I graduated, now WHAT?! Tips for new Speech-Language Pathologists entering into their CFY

That’s me >>>>grad pic<<<<New graduate in 2011

The “real world” may seem overwhelming…You may be thinking, “OH NO, I’m fully in charge of this caseload?”

Here are some things that I wish I knew before venturing into the “real world”.

Tip #1 – Meet your CF Supervisor and ASK them questions

–          What is your favorite thing about this profession?

–          What is the hardest part of our profession?

–          Will you help me implement skilled interventions in therapy?

–          Can you show me some therapy techniques that you have found to be successful?

Unfortunately, no one showed me HOW to do therapy in graduate school.  I mostly observed 2nd year grad students who were likely as clueless as I was AND I was only observed but never really TAUGHT how to do it!  I mean, they had us seeing clients with Aphasia before we even took the Aphasia class…HOW BIZARRE!

Remember, your CF supervisor MUST observe you and should be looking over your evaluation reports.  Your CFY is the year that you learn the most!  (Well, I am at the end of my 3rd year and I am continuing to learn).  I was fortunate enough to have an awesome CF Supervisor that I could email when I was stressed and that jumped in on my therapy sessions to TEACH me!  So Thankful For Her! ❤

Here are some links to ASHA related to your CFY!

http://www.asha.org/certification/CFinformation/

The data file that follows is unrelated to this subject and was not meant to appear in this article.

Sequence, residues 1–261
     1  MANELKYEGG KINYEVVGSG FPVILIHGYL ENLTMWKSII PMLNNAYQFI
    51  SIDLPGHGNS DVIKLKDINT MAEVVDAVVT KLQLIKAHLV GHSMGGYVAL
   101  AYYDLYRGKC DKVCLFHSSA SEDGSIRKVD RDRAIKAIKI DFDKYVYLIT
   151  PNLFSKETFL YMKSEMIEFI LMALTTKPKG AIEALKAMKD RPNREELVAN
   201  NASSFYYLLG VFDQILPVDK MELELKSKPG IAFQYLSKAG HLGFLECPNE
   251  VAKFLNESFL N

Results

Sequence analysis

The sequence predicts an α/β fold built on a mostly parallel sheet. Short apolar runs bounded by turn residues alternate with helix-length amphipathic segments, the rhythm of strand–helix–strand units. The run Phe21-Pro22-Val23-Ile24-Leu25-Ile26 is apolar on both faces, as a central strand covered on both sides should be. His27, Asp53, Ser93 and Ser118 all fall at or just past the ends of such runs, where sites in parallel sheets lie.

http://www.asha.org/certification/Clinical-Fellowship/

http://www.asha.org/certification/CFSupervisors/

http://www.asha.org/uploadedFiles/CFSISLP.pdf

 

Tip #2 – Our job isn’t easy and it’s OK to reach out for help

jack of trades

We are the JACK OF ALL TRADES, master of none (unless you are fortunate enough to specialize in an area).  Remember not to get emotionally invested…it’s hard not to, I love my students!  But when you don’t see certain progress, you tend to question yourself, AM I GOOD ENOUGH?  Don’t think that way.  Take a step back and try something new.  If the child has a behavior that you couldn’t have predicted, don’t feel bad…there may have been nothing you could have done.

It is in our nature (most SLPs have huge hearts) to want to be able to help every child that we serve or to help everyone by doing everything!

I think it is helpful to join groups related to our profession that we can post questions to…there are some on Facebook.  Speaking of Speech – The Help Line  is one that I frequent to ask and answer questions.

Tip #3 – Collaboration

If you work in a school, team up with the other professionals on the IEP team.  Since your information and evaluation results are frequently needed for eligibility determination, team up with the Psychologist to discuss the student.  During grad school, I never knew how valuable it would be to meet with the psych prior to the meeting.  They may find something that they do not assess that the SLP could, and vice versa.  Also, if you are planning to exit a child…make sure the team is aware that you may consider this.  It is helpful to have them on your side if the parent isn’t ready to “let go” of your service.  It’s a good idea to pre-meet with the team to discuss the student and to discuss recommendations.

(I had to add something funny!  Throwback to Vanilla Ice – Ice Ice baby,  Alright STOP, collaborate and listen!)

It is also our Role and Responsibility to collaborate…Check out the Roles and Responsibilities of Speech-Language Pathologists in Schools over at ASHA

Also check out what collaboration looks like over at The ASHA Leader!

 

Whenever I write a post, I always end up GOOGLING 10 different things and come across so many websites!  Since I am writing about collaborating and tips for new SLPs, I came across this post.  Check it out at Carrie’s Speech Corner!  Showing some  Fellow SLP BLOG LOVE 🙂

question m

What are some tips that you would give new graduates entering into their CFY? 

 

 

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